Featured Projects

Rapid fabrication technologies, commonly known as “3D Printing,” enable the rapid creation of physical objects based on digital designs. Scanning technologies enable the opposing process, the creation of digital models derived from physical objects. This site provides information resources on 3D printing and scanning, and on library research projects regarding these technologies.

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The United States Census and the Program on Informatics at the Massachusetts Institute of Technology are convening a series of workshops to examine computational, social-scientific, statistical, and informatic challenges to building the next generation of official statistics. These workshops bring together select groups of experts in universities, industry, and the U.S. government to explore diverse approaches to engaging big data to inform a series of selected exemplar use cases faced by statistical agencies.

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Virtual learning environments are an increasingly important component of individualized learning in STEM domains. New technologies (including biometry and neuroimaging) provide new opportunities to unobtrusively measure student engagement and learning at scale. This project utilizes these technologies to provide foundational knowledge of the ways in which measures of implicit learning from lab settings, ubiquitous sensors, and big data might be linked to explicit learning to develop games and online educational systems that are adaptive to diverse learners.

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The drawing of electoral districts is among the least transparent processes in democratic governance. All too often, redistricting authorities maintain their power by obstructing public participation. The resulting districts embody the goals of politicians to the detriment of the representational interests of communities and the public at large. We have developed DistrictBuilder to increase participation and transparency in the electoral process.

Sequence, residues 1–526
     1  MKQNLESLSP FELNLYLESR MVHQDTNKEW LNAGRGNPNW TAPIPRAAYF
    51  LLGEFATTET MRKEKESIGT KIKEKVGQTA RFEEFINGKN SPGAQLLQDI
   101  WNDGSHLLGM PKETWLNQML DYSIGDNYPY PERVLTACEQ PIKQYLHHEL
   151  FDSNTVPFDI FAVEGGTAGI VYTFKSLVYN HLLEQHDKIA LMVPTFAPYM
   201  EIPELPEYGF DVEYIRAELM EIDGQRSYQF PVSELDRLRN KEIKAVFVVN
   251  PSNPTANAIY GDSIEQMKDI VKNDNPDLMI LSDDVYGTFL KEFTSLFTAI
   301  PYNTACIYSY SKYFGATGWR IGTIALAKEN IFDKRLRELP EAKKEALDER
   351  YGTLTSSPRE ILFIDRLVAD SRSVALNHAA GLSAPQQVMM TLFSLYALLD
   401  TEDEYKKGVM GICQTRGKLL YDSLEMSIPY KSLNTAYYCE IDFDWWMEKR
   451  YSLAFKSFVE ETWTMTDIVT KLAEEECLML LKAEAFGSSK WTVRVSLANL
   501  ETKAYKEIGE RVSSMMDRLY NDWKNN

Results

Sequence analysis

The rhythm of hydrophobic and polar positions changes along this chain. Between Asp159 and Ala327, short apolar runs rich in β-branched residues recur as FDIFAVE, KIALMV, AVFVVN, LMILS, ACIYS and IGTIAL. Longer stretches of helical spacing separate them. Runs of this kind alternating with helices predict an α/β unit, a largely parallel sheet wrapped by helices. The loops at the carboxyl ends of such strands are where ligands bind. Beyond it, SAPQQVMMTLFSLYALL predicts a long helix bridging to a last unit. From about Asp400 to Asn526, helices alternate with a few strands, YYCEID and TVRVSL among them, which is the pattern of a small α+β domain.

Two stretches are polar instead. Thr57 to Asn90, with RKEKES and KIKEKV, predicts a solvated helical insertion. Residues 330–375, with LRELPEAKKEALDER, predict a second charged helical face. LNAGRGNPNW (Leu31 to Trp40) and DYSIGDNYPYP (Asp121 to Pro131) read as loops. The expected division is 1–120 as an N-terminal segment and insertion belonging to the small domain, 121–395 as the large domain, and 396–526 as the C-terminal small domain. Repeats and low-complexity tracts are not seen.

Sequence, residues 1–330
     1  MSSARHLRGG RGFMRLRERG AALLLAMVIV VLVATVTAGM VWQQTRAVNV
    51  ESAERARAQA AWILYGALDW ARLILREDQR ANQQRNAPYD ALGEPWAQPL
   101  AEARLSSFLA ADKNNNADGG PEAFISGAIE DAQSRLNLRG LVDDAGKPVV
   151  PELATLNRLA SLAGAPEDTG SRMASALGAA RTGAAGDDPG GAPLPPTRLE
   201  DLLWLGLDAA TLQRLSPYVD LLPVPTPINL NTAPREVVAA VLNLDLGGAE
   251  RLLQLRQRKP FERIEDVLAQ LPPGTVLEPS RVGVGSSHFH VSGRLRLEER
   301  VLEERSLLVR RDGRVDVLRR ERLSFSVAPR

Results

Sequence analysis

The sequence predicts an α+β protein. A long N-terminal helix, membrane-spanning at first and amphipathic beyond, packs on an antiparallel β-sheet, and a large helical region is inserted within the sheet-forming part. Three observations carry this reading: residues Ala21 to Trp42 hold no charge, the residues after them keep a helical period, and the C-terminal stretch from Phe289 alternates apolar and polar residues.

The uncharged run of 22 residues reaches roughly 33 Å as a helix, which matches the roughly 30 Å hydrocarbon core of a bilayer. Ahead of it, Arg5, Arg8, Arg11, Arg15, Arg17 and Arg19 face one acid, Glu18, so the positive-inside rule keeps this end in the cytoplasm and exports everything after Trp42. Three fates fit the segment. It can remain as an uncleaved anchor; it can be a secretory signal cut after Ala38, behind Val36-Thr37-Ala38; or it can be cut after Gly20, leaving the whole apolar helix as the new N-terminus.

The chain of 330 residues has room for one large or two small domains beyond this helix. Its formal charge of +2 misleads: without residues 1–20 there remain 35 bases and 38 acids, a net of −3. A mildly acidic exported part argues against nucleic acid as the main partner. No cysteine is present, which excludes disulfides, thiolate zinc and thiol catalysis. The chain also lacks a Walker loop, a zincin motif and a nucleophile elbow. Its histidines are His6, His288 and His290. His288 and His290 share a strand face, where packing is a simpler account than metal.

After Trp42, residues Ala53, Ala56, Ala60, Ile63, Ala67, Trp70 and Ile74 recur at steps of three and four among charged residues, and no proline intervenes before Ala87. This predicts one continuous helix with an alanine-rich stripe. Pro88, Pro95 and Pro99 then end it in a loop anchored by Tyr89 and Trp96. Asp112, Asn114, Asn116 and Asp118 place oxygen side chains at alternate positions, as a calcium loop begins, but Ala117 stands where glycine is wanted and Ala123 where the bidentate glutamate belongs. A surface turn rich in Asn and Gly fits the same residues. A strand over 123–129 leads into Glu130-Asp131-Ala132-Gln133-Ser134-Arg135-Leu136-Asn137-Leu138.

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This project will help establish a formal linkage between scholarly publications and the underlying research data by integrating the OJS PKP and Harvard Dataverse Network systems.

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This project defines and measures privacy in mathematical and legal terms, and explores alternate definitions of privacy that may be more general or more practical. The research aims to provide a better understanding of the practical performance and usability of a variety of algorithms for analyzing and sharing privacy-sensitive data. The project will develop secure implementations of these algorithms and legal instruments, which will be made publicly available.

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Mission

The Program on Information Science seeks to solve emerging problems in information management that are essential to support new and innovative services, and to amplify the impact that MIT can have on the development of information science, information policy, and scholarly communication through participation in the development of standards, policy, and methods related to information science and information management.